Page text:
Principle Investigator

John A. Mohan

Assistant Professor, Marine Science

John began his lifelong love of fish as an avid fly-fisherman trying to understand what fish eat and what habitats to catch them in. His motivation to catch fish evolved into a passion to study fish ecology.

After completing his B.S. from Penn State University and some backpacking on the AT, John pursued a M.S. at East Carolina University, where he examined otolith geochemistry of striped bass and became extremely fond of the scientific method and research. The eagerness to better understand fish ecology led to a Ph.D. at the University of Texas Marine Science Institute, and a post doc/research scientist position at Texas A&M University at Galveston. Dr. Mohan joined the School of Marine and Environmental Programs at UNE as an assistant professor in 2020.

As a marine fish ecologist, Dr. Mohan examines life histories, migration patterns, population connectivity, and food web interactions. Research approaches utilize natural chemical and electronic tags and integrate these complimentary techniques. His work aims to improve understanding of fish life histories in support of effective management and sustainable fisheries. Teaching students and mentoring aspiring undergraduate and graduate researchers is what Dr. Mohan enjoys most about UNE.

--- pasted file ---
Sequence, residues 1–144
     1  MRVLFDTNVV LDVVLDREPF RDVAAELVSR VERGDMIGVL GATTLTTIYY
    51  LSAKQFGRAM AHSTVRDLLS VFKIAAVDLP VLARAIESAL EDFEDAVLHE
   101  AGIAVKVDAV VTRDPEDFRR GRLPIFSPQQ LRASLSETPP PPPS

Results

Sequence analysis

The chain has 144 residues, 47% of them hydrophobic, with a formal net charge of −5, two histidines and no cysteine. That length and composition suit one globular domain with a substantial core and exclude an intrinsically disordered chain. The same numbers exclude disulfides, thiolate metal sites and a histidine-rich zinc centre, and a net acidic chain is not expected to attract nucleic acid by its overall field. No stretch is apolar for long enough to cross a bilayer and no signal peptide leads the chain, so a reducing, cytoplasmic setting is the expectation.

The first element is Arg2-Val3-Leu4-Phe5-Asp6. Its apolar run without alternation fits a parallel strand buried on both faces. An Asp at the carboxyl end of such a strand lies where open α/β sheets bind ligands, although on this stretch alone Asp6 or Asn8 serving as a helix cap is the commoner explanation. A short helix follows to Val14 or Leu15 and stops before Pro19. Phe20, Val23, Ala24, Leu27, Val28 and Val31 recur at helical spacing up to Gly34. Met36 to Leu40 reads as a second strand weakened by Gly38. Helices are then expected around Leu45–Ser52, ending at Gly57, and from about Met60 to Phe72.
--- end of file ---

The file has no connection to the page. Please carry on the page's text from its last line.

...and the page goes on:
Graduate Students

Nick Starosta ’25

Graduate Research Assistant

Nick graduated from Eckerd College in 2021 majoring in both Marine Science and Environmental studies while minoring in both Mathematics and Chemistry. After graduation, Nick worked in Hawaii as a conservationist – aiding in cetacean photo-ID, sea turtle rehabilitation, and humpback whale disentanglement. More recently, he spent some time at the Bimini Biological Field Station, where he spent the summer tagging large coastal elasmobranchs to help BBFS with their ongoing spatial ecology projects. As a first year’s master’s student, Nick is working on elasmobranch population connectivity in the Gulf of Mexico through stable isotope analysis, comparing life histories of blacktip sharks, bull sharks, and Atlantic stingrays. Outside of his research, Nick enjoys soccer and going on hikes with his dog.